O-Zone: Just win

JACKSONVILLE – Game-day O-Zone.

Let's get to it …

Derrick from Jacksonville:
I understand that a team loses as whole and no one man is entirely responsible. However, in my opinion turnovers kill a team – and Blake Bortles has killed this team with his untimely interceptions. The meeting with Allen Robinson says a lot. My question is: at what point does the coach sit Blake Bortles? In my opinion, his turnovers are having a damaging affect mentally on the rest of the team regardless of what is presented to the public.
John: I have written for pretty much the last two months that turnovers – and specifically, turnover ratio – have been the main issue facing this team. I also have written that I believe the Jaguars would be hovering around .500 if Bortles had fewer turnovers and was making better decisions in the pocket. That said, I never have gotten a feeling the Jaguars will sit Bortles this season – nor do I get a sense that they are close to this decision. Bortles is the Jaguars' starting quarterback for now and the future – and the franchise is not ready to give up on that. I don't know whether that will change in the offseason, but that's how it feels now – and until that feeling changes, you don't bench the quarterback. Do the turnovers have an effect mentally? Yeah, probably – because they are leading to losing and losing has an effect mentally. Still, I believe Bortles will start the final four games barring further injury. We'll see.
James from Elizabeth, NJ:
Will the Jags go running back in the draft?
John: I don't know.
David from Orlando, FL:
O-Zone, who's toting the rock for the Jags Sunday and why didn't we sign Joe Blow off the street?
John: It appears T.J. Yeldon and Corey Grant will be available Sunday with Chris Ivory as a game-time decision. As far as not signing Blow … is he healthy? How much would he demand for a signing bonus?
Travis from On the Beach at Hanna Park:
Big 'O,' as I watched the game Thursday night between the Chiefs and Raiders, I was intrigued by Alex Smith's accuracy. I've never been a fan of Smith and his reputation for being a game manager and not a playmaker (I prefer my quarterbacks to be the latter), but I was amazed and a little jealous that Smith put the ball right in his target's hands every time. His receivers didn't have to lay their bodies out to snag a relatively routine 15-yard pass. They didn't have to stop in the middle of a five-yard crossing route to try catch a pass thrown behind them and at their knees. I didn't see the Kansas City receivers have to unnecessarily display their freakish vertical jumping skills to prevent yet another overthrow from their quarterback. The Jaguar playmakers are good, and our offense would be difficult to stop if we had a quarterback that could just throw the ball with accuracy. With all other things being equal (pocket presence, footwork, reading schemes), which one of these two attributes is more valuable in the NFL: Arm strength or accuracy? I say accuracy.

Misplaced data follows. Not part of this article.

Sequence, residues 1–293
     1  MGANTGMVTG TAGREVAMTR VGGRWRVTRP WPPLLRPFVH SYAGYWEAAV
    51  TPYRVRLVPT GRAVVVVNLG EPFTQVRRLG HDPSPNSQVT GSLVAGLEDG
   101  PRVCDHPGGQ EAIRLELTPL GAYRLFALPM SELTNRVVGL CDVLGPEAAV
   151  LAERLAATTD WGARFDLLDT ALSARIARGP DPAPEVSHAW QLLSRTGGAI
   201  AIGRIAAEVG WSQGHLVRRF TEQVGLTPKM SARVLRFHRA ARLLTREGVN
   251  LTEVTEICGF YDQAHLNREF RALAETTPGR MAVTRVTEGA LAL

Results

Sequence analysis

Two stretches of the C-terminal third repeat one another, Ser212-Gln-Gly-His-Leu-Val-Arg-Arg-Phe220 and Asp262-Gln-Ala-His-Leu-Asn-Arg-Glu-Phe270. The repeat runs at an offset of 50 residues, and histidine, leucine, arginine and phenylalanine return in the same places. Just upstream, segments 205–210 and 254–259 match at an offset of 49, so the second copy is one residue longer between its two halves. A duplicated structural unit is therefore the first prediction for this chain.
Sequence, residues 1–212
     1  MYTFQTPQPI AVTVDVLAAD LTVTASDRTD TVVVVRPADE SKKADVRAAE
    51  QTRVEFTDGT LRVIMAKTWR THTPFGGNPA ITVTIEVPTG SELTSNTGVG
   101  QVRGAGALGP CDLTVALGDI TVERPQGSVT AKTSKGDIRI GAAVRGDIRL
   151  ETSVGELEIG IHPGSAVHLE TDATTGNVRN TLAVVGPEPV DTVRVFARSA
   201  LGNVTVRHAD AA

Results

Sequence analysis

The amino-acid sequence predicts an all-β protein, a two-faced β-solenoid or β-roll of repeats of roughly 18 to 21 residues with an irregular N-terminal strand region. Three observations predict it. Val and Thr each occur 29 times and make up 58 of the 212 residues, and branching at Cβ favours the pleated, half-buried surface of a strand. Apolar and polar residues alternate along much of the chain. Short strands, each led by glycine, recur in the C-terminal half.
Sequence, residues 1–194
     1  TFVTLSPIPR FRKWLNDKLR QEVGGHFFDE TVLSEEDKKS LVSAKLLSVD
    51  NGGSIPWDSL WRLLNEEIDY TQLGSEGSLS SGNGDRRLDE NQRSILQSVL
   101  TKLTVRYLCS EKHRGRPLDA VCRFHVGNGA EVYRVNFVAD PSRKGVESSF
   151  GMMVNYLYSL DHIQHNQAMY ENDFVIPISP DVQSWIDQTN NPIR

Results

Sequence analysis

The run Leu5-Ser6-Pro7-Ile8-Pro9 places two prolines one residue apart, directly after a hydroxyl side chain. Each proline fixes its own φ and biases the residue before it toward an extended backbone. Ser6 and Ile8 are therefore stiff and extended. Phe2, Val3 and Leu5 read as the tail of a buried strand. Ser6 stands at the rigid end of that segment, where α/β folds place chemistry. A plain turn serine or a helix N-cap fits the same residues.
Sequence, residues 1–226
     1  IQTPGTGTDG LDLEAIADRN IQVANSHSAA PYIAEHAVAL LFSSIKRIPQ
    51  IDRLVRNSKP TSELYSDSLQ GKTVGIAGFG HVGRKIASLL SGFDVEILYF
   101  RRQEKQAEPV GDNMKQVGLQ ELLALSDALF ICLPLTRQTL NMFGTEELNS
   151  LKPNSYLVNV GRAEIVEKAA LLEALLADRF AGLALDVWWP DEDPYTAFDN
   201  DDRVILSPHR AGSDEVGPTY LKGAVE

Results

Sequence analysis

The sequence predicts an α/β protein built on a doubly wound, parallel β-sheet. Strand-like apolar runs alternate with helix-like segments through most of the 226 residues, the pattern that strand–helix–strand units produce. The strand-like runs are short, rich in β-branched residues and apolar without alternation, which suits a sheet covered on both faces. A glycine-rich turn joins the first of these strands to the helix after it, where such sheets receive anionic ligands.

John: I agree. I also would put arm strength below pocket presence, football, reading schemes, etc., in terms of importance. A quarterback's arm must be strong enough to make all NFL throws, and there is a threshold below which a quarterback's arm can't drop. For example, if he can't get velocity on the ball to avoid cornerbacks jumping a sideline route it's very hard for a quarterback to make it in the NFL. But if a quarterback has a reasonably strong arm, then arm strength is pretty low on the list of meaningful attributes.
Jeff from Jacksonville:
Maybe the Jags will win another game? So, you're saying there is a chance. Well, all righty then.
John: All righty.
Richard from Myrtle Beach, SC:
Can we stop paying top free-agent money to players from good teams? They look great because they play on really good teams. Denver has unloaded Beadles, Thomas and Jackson on us. No difference-makers. I'd rather have a standout on a losing team.
John: You were making a lot of sense until you wrote "Jackson." At that point, you sort of became phenomenally incorrect.
Keith from Jacksonville and Section 436:
Any chance Poz will make the Pride of the Jags one day? He has the results and character and defined the Jaguars' defense for years.
John: Yeah, I'd say there's a chance. I wouldn't call it in any way a dead-solid lock guarantee, but I wouldn't rule it out.